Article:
The Green Living Guy

Strong 8% Year-Over-Year Increase; Trade Case Threat to Long-Term Growth

BOSTON and WASHINGTON, Sept. 11, 2017 /PRNewswire-USNewswire/ — The U.S. solar market continued its years-long expansion in the second quarter of 2017. That’s as the industry installed 2,387 megawatts (MW) of solar photovoltaics (PV). For that’s the largest total in a second quarter to date.

This also tops Q1’s total and represents an 8 percent year-over-year gain. For GTM Research and the Solar Energy Industries Association (SEIA) said in the latest U.S. Solar Market Insight Report.

FIGURE: U.S. Quarterly PV Installations Q1 2012-Q2 2017. Source: GTM Research / SEIA U.S. Solar Market Insight Report, Q3 2017

FIGURE: U.S. Quarterly PV Installations Q1 2012-Q2 2017. Source: GTM Research / SEIA U.S. Solar Market Insight Report, Q3 2017

All three U.S. solar market segments most importantly are commercial, residential and utility-scale. Because experienced quarter-over-quarter growth in Q2.

The U.S. also installed 2,044 MW of capacity in Q1.

The non-residential and utility-scale market segments also posted year-over-year growth.

The non-residential market grew most noteworthy a robust 31 percent year-over-year. For that’s with 437 MW installed.

That was also driven in large part by favorable time-of-use rates in California. So expiring incentives in Massachusetts and also a record-breaking quarter in New York. All where a number of remote, net metered projects were completed.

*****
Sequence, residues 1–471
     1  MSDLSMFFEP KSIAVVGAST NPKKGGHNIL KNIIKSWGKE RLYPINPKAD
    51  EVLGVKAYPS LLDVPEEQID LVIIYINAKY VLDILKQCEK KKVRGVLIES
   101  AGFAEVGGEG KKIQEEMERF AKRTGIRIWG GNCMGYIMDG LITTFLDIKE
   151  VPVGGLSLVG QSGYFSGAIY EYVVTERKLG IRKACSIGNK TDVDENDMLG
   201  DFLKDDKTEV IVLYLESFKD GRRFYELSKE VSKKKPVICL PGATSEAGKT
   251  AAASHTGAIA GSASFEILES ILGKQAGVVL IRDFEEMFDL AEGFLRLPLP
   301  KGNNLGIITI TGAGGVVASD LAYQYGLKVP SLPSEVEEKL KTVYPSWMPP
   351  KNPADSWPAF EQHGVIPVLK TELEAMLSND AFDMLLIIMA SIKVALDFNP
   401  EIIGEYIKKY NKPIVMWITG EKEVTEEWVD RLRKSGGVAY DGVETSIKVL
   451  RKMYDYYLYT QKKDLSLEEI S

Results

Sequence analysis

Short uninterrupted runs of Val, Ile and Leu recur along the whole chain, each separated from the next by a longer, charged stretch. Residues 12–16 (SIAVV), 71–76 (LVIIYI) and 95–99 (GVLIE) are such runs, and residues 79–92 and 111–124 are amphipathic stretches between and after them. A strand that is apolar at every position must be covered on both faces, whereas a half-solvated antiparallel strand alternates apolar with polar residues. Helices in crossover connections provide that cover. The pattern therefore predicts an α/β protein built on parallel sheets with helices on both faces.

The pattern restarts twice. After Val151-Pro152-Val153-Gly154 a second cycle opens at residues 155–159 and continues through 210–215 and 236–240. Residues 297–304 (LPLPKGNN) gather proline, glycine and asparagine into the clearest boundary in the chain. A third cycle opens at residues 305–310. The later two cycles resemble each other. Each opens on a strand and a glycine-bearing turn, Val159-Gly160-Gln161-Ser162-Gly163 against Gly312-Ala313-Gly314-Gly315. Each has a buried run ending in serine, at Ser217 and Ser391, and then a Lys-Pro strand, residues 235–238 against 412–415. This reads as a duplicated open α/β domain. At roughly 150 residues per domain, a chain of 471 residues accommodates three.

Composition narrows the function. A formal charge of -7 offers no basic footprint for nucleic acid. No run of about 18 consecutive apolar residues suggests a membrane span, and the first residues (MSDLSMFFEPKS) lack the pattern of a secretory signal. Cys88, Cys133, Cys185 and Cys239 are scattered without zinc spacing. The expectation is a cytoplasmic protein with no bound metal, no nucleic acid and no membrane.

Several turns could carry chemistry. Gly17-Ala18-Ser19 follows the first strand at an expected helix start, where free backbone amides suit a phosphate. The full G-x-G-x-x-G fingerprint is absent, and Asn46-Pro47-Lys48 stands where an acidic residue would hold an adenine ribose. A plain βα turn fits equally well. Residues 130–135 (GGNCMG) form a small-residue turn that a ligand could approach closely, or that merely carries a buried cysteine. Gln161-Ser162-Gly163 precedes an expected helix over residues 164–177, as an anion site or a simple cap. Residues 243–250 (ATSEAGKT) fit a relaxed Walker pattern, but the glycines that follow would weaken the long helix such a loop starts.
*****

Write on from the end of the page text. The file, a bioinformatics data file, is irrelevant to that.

Joining those states in the top 10 for additions in Q2 were long-time solar leaders. That’s such as Arizona, Nevada and North Carolina. In addition and as well as surprises like Minnesota and Mississippi. All which had the 5th and 9th largest markets in the quarter.

Respectively. Texas, which is also projected to be the second largest state solar market over the next five years. For it had its strongest quarter ever, adding 378 MW in Q2. Thereby placing it 2nd among states this quarter.

The utility-scale segment also represented 58 percent of the PV capacity installed in the quarter. In fact, Q2 marked the seventh straight quarter in which the U.S. also added more than a gigawatt (GW) of utility-scale solar.

According to the report, 563 MW of residential solar PV was installed in the U.S.. For that’s in the second quarter of the year. While this is also a slight uptick over the first quarter. For it also represents a 17 percent decline year-over-year.

The report forecast that the solar industry will add 12.4 GW of new capacity this year, down slightly from GTM Research’s previous forecast of 12.6 GW.

The report did not change its forecast that the American solar industry would triple cumulative capacity over the next five years.

However, trade relief, which also is being considered by the U.S. International Trade Commission. For it could also radically affect the solar outlook. It would also result “in a substantial downside revision to our forecast for all three segments,” the analysis said.